support frame by means of a fixed knife edge at the above, not be transmitted to the models, but would be
bottom, and a knife edge attached to a plunger head at absorbed by the support structure.
the top. The plunger itself was constrained to move The knife edge and supports were such that, while
vertically by means of 4 sets of roller bearings between it offering no resistance to overall flexural rotations of the
and a rigid hollow mild-steel guide box as shown in Fig. 3. models, they provided complete rigidity to torsional
By this means, the overall buckling of the T-section rotations. However, to prevent an overall torsional buckling
corresponded with that of a simply supported column, of the T-section from occurring, four sets of roller bearings
with any small component of horizontal load, occurring were attached in positions shown in Fig. 3, in such a way
at the load-transmitting bearing, being transmitted directly that they would correspond with the locations of typical
into the support frame. lateral stiffeners in an orthotropically stiffened plate. Like
To enable some information to be obtained on the the case of the orthotropically stiffened plate, the lateral
elasto-plastic unloading that takes place after the maximum deformations of the stiffener were prevented at the positions
loads are reached, the semi-rigid loading device shown in of these lateral bearing supports. The roller bearings were
Fig. 3 was employed. For this, a constant counterweight housed in carefully machined bearing blocks rigidly
W was applied at the end D of an effectively rigid beam connected to the model, but positioned so that they
AD. Beam AD was pinned at A and supported through a constrained the model to move between two smooth,
load cell and screw adjustment device at C. Initially, the effectively rigid, parallel plates. In positioning the models
loading arm and counterweight were equilibrated by in the support rig, it was found that considerable care was
developing a force, Fo, in the load cell. To load the model, necessary to ensure that, while suppressing these deforma-
the screw device at C was adjusted to produce the desired tions, the bearings provided negligible resistance to the
displacement at B. By recording the new force, F , in the overall deformations occurring in the column. During
load cell, the vertical load, P , being transmitted to the testing, additional precautions were taken to ensure that
model was then calculated from the expression these bearings offered no significant frictional constraint
to the overall deformations of the model. The system was
P = 8(Fo - F) unloaded at frequent intervals throughout the loading
range. If the model returned back to its original deforma-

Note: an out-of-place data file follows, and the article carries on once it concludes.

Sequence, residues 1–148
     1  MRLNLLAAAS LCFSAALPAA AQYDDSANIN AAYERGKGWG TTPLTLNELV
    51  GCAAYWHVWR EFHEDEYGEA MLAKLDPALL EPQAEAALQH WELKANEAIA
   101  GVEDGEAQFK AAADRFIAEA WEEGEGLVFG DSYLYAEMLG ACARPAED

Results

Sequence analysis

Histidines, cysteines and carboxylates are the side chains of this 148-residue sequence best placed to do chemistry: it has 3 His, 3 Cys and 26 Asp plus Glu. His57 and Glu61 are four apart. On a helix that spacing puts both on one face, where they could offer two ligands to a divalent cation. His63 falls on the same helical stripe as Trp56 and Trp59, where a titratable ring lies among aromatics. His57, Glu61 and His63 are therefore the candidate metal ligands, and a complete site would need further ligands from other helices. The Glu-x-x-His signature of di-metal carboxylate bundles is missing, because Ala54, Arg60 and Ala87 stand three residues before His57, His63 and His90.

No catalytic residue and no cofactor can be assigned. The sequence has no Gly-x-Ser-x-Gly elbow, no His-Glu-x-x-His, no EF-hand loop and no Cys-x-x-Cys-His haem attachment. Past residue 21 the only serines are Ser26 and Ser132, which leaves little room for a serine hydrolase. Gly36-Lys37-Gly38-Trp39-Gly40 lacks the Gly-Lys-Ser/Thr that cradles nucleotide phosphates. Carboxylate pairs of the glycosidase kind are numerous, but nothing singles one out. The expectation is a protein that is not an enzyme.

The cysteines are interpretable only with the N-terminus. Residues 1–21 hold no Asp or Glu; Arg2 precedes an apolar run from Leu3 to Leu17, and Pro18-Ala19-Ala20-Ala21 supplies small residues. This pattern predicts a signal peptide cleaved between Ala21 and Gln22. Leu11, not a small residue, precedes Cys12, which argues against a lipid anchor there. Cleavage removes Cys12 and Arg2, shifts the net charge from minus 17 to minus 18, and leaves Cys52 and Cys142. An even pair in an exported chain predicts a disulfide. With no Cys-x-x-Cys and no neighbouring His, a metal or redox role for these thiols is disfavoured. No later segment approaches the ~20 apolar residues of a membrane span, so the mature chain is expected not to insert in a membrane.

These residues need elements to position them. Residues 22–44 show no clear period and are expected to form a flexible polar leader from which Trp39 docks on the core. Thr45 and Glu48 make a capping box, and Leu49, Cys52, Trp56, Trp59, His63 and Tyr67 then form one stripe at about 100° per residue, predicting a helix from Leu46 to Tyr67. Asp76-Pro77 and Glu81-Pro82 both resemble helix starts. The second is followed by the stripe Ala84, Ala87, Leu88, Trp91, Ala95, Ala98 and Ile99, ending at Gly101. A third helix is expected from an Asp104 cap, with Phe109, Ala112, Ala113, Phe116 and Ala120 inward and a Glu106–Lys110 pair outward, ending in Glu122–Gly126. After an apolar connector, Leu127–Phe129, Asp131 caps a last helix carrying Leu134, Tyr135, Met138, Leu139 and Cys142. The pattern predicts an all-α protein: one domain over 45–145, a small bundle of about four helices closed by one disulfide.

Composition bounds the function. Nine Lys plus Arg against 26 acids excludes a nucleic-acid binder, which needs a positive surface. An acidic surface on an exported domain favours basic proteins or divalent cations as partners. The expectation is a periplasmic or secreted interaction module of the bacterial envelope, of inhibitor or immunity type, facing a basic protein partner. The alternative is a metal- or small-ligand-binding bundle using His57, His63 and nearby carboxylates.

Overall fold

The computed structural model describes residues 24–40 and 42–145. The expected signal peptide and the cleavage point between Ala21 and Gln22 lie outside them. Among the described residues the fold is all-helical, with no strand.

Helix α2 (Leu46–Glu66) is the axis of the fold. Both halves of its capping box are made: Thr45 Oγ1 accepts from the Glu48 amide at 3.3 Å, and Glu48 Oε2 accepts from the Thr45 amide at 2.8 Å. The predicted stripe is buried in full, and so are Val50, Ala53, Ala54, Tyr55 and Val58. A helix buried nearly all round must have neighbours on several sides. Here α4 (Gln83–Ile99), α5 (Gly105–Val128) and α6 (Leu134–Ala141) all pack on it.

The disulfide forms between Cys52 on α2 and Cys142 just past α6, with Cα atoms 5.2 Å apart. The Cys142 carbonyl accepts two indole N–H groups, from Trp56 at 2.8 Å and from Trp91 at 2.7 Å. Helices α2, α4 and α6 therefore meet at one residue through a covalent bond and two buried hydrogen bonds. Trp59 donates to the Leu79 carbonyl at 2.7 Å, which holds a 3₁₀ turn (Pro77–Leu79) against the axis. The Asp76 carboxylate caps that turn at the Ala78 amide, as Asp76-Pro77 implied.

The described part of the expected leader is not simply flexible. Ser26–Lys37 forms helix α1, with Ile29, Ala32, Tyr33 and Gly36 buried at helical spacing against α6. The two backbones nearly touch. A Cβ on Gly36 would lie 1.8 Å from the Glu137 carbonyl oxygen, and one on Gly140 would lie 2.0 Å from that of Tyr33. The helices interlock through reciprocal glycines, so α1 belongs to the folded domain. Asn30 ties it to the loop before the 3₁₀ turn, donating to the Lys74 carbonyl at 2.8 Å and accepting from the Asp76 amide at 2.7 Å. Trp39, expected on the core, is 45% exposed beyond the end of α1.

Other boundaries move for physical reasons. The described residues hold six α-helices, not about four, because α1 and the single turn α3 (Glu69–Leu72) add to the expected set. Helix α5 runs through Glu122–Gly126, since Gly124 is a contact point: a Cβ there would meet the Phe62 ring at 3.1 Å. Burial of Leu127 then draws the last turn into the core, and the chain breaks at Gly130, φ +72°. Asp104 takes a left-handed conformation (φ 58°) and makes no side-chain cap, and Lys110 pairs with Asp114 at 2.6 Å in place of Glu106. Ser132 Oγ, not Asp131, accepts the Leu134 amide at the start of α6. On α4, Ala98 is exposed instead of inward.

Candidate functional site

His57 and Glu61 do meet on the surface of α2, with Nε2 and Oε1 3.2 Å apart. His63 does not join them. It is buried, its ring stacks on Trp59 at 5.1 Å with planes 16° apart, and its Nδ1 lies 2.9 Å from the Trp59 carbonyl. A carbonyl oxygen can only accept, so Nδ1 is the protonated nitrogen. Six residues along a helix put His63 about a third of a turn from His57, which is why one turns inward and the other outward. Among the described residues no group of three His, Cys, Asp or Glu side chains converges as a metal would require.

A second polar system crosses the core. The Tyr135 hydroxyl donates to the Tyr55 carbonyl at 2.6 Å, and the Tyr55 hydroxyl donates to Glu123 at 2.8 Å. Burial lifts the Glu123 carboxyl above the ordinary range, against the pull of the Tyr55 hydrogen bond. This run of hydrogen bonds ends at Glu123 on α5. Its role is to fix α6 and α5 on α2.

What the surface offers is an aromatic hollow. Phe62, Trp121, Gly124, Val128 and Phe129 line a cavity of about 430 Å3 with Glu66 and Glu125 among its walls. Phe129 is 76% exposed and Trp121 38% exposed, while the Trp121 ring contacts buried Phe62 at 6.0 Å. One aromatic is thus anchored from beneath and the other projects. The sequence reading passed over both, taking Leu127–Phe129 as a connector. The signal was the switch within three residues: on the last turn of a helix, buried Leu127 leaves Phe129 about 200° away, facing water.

With the restrictions of load-cell accuracy, the axial load tion state to within the recording accuracy, it was concluded
P could be established to an accuracy of + 0.30 kN. The that nonconservative effects of all sources had not
rotations of beam AD, on loading, were at all times less occurred. Apart from these bearings, the longitudinal

Experimental Mechanics I 457

edges of the flange plates were stress free. TABLE 1 - - S U M M A R Y OF MODEL GEOMETRY AND CRITICAL
With the above arrangement, the models did not LOAD CHARACTERISTICS
completely simulate the continuity condition that would,
in reality, exist between adjacent stiffener elements in a Model b d t b d PL PL Pc.,
typical stiffened plate. In addition, with this experimentally Group (mm) (mm) (ram) d t (kN) PE P~
more convenient longitudinal edge condition, the model
would display somewhat differera initial local buckling A 100 16.5 1.17 6.06 14.1 8.16 1.82 0.160
characteristics to that of a typical stiffener in a wide B 100 20.5 1.17 4.87 17.5 8.56 1.04 0.285
stiffened plate. However, for the interactive buckling C 100 28.5 1.17 3.51 24.4 9.21 0.45 0.299
being studied, in which the overall buckling sets the flange
in tension, so that it tends to increase the out-of-plane
deformation of the stiffener and decrease that in the
flange plates, the effects of these approximations decrease
as the overall deformation increases. At the maximum, or with the longitudinal stiffener spacing or, in the present
buckling, loads found in the models, the overall deforma- context, flange width b = 100 mm, and the lateral
tions were found to be sufficiently large that this effect stiffener spacing e - - 1 6 6 mm. Overall, the effective
would have had only a minor influence on the buckling lengths of the T-section columns were L -- 890 mm. With
characteristics. In any case, these slight physical differences these dimensions held constant, the ratio between the
would not affect the important phenomenon displayed by overall column critical load, PE, and the minimum local